Negative connotations about these styles still plague the Black community today. Just recently, the U.S. Court of Appeals ruled in favor of a company that rescinded a Black woman’s job position because they deemed her dreadlocks liable to get messy, thus against company policy. This is only one of the many cases where a Black person was denied an occupation for the natural way their hair grows. This is why we have such a problem with white people mimicking our stylings without the same repercussions and simply ignoring the privilege that entails.

“While our nation has made great strides, people of color continue to be marginalized in just about every space we inhabit. Our hair can still keep us out of jobs, our names can limit our opportunities, and our skin color makes us vulnerable to profiling.”

— Britini Danielle, Teen Vogue

While Justin Bieber could one day decide to tease his hair and call them dreads because “being weird is fun” and “it’s only hair,” South African students at Pretoria Girls’ High School were protesting for the right to do the same. As much of a role she plays in media, Zendaya was not saved from racist critiques. She wore dreads on the red carpet of the Oscars and was told she looked as though she smelled like weed and patchouli oil. When Kylie decided to wear dreads, cornrow her hair, and rock a Yaki ponytail to a Fashion Week event earlier this year, she dodged criticism, was praised, and received the defense of “she’s just trying to figure things out.” (Thank you, Justin.)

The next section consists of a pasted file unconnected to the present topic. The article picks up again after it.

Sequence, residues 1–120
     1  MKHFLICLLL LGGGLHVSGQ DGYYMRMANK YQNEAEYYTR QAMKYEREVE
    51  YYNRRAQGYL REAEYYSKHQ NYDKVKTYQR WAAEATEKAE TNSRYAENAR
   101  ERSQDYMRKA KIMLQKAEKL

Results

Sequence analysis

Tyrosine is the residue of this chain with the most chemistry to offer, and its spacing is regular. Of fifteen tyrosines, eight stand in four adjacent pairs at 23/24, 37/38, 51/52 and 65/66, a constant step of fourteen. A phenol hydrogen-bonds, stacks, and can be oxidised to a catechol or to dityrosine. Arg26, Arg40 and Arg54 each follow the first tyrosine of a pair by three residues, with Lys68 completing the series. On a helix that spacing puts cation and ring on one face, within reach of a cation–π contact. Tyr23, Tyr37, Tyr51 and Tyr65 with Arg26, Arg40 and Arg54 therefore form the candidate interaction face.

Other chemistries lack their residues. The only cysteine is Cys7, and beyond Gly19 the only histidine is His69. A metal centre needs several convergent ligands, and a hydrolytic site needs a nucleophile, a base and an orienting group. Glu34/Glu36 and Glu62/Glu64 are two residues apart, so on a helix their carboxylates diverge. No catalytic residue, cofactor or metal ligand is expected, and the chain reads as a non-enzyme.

The double standard that exists today is disgusting. Despite these public figures being called out by some, each and every one of them has received a vast amount of appraisal they did not deserve. Contrary to popular belief, these people are not artsy trend-setters. These “new” styles have existed amongst Black people for decades, but we have been penalized for what we created. Living a serene and successful life often comes with sacrifices, and for too long Black people have had to compromise a part of their identity in order to fit in.

What Marc Jacobs tried to do in his response was alleviate the blame from his shoulders and mouth off at Black women about an experience he knew nothing about. But there is no parallel. No, white people cannot say anything about how a Black person styles their hair. Until white women are ostracized for their natural features and appearances, don’t turn the tables and talk about “reverse cultural appropriation” or whatever you decide to call it.

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Anaisja Henry
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Anaisja Henry is a sixteen-year-old Connecticuter who tends to introduce herself as Kakashi Hatake. A junior, she is her high school’s in-term “Afro/Soul Sister,” involved in various extracurricular organizations related to social studies and activism. When not being a broody, “fighting the power” Angry Black Girl, you’ll probably find her obsessing over Naruto, jumping between Tumblr accounts, or squealing over a book being updated on Wattpad. (But it’s probably just Naruto, to be honest.) You can find Anaisja on Twitter and Instagram (@anaiiisja).